Objective: We sought to identify determinants of clinical and functional outcome after myocardial revascularization and associated undersized annuloplasty in patients with intermediate-degree ischemic mitral regurgitation. Methods: Fifty-seven patients with 2+ or 3+ ischemic mitral regurgitation underwent coronary bypass surgery and implantation of undersized semirigid or flexible complete ring or autologous pericardial band and were followed up to 8.6 years. Results: Operative mortality was 5%. Baseline left ventricular end-systolic volume index, the strongest multivariable predictor of early postoperative outcome, was correlated with end-systolic volume index (P <.001, R2 = 0.67) and ejection fraction (P <.001, R2 = 0.40) after repair. More compromised ejection fraction and end-systolic volume index predicted comparatively greater early functional improvement but higher residual postoperative end-systolic volume index (P <.01). Cox multivariable analysis identified wall motion as the best baseline predictor of late death and heart failure and regional inferoposterior wall motion as the strongest predictor of recurrent mitral regurgitation (P ≤ .01). More rigid annuloplasty carried a higher probability of functional recovery in terms of ejection fraction, wall motion, and the occurrence and earlier timing of left ventricular reverse remodeling, expressed by different degrees of end-systolic volume index reduction (P <.001, hazard ratio >6). Conclusions: Combination of undersized mitral annuloplasty and coronary revascularization presents low operative mortality and determines left ventricular unloading in patients with intermediate-degree ischemic mitral regurgitation. Global and regional wall motion are powerful predictors of late outcome. Stiffer mitral annular repair promotes functional recovery and predicts higher probability and earlier timing of reverse remodeling.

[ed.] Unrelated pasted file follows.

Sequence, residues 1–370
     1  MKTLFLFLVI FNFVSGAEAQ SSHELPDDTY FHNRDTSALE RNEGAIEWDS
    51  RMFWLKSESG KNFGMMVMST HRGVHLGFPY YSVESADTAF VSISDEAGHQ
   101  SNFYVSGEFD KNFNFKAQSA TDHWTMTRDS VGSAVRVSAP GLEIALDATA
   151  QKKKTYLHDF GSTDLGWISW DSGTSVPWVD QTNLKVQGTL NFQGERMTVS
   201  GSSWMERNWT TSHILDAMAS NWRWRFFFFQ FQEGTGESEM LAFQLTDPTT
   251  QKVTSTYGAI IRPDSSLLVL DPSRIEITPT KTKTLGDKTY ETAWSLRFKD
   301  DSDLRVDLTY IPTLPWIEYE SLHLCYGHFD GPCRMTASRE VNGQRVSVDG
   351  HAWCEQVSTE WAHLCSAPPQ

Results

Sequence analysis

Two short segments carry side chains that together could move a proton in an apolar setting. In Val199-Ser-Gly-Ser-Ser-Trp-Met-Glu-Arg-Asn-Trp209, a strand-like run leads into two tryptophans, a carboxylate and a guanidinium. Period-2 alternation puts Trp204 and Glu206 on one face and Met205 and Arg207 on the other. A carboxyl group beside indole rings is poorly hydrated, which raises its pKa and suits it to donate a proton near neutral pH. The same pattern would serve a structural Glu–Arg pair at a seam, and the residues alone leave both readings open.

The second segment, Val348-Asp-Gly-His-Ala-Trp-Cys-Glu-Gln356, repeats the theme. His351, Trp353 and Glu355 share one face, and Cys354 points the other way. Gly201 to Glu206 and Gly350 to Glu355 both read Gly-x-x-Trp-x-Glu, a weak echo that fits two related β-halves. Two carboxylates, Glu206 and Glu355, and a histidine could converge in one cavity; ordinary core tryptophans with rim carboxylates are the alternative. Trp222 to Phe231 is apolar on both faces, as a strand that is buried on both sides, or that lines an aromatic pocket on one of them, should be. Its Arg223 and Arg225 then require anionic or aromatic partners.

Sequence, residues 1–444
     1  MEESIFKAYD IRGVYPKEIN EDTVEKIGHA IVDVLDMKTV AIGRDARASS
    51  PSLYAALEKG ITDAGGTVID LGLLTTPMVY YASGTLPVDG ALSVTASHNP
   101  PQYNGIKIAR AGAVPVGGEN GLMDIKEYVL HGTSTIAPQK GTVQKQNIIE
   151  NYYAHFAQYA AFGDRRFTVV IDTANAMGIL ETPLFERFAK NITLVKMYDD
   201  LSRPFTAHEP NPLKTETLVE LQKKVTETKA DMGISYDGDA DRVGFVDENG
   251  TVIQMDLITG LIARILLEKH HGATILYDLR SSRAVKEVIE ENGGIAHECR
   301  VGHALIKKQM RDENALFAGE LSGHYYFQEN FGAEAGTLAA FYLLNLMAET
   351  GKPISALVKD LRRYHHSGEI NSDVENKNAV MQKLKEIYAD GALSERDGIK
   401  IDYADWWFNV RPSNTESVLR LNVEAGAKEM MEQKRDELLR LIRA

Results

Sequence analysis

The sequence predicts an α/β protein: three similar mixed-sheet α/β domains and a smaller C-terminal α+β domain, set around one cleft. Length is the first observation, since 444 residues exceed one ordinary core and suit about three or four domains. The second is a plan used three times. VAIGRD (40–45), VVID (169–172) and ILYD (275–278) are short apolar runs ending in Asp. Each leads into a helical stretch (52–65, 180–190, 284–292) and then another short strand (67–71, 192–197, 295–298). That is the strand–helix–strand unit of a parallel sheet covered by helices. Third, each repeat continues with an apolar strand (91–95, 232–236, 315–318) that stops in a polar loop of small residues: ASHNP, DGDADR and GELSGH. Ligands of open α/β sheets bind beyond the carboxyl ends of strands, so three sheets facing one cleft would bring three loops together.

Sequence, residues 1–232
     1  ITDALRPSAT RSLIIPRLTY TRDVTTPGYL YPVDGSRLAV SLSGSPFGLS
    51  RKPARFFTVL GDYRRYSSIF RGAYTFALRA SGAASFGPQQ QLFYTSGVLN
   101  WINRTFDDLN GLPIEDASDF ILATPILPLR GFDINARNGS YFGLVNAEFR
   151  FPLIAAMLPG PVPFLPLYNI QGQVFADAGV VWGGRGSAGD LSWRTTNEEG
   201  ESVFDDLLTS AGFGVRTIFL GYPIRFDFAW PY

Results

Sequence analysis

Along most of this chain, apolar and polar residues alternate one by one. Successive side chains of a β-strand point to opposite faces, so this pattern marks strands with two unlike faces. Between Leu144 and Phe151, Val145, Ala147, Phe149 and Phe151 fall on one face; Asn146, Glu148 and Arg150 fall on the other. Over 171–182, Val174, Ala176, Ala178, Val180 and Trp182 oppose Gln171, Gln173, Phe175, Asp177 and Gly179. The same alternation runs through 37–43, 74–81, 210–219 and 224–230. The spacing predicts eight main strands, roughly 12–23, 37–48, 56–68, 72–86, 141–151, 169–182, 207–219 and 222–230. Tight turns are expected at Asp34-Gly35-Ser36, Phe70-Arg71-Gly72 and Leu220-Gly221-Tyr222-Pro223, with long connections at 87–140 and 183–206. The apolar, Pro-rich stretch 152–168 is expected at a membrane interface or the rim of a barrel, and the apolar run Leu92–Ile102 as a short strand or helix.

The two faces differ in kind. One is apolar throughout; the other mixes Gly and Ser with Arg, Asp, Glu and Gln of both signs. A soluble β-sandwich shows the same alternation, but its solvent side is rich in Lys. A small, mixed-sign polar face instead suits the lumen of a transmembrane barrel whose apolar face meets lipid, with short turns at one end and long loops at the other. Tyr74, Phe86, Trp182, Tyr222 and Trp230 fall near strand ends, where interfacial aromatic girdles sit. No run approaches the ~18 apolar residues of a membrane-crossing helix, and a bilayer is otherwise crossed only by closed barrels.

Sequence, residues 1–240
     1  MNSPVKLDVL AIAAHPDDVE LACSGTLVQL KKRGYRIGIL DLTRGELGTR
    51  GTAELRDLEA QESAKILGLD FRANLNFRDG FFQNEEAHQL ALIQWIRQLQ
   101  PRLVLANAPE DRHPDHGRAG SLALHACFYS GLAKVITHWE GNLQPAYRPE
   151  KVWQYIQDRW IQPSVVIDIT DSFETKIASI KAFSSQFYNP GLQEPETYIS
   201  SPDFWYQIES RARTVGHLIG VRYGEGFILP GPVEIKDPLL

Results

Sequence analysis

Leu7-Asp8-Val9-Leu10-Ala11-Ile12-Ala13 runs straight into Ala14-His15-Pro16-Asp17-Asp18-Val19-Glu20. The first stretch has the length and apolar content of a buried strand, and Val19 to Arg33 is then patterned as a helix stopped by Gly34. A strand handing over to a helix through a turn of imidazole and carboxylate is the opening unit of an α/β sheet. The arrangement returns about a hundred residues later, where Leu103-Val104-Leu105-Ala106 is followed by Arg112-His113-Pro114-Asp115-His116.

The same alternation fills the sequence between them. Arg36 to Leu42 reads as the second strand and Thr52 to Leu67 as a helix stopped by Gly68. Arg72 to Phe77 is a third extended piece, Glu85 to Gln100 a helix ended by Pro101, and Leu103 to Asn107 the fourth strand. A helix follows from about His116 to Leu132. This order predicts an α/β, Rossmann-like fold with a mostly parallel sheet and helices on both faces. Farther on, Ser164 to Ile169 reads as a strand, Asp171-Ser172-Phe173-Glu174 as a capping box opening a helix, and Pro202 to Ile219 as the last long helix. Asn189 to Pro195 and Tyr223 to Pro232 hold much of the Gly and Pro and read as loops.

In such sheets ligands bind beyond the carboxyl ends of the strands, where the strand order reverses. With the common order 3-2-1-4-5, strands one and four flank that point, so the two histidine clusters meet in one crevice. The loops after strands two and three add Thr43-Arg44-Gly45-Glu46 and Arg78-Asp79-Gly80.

ASJC Scopus subject areas
- Cardiology and Cardiovascular Medicine
- Pulmonary and Respiratory Medicine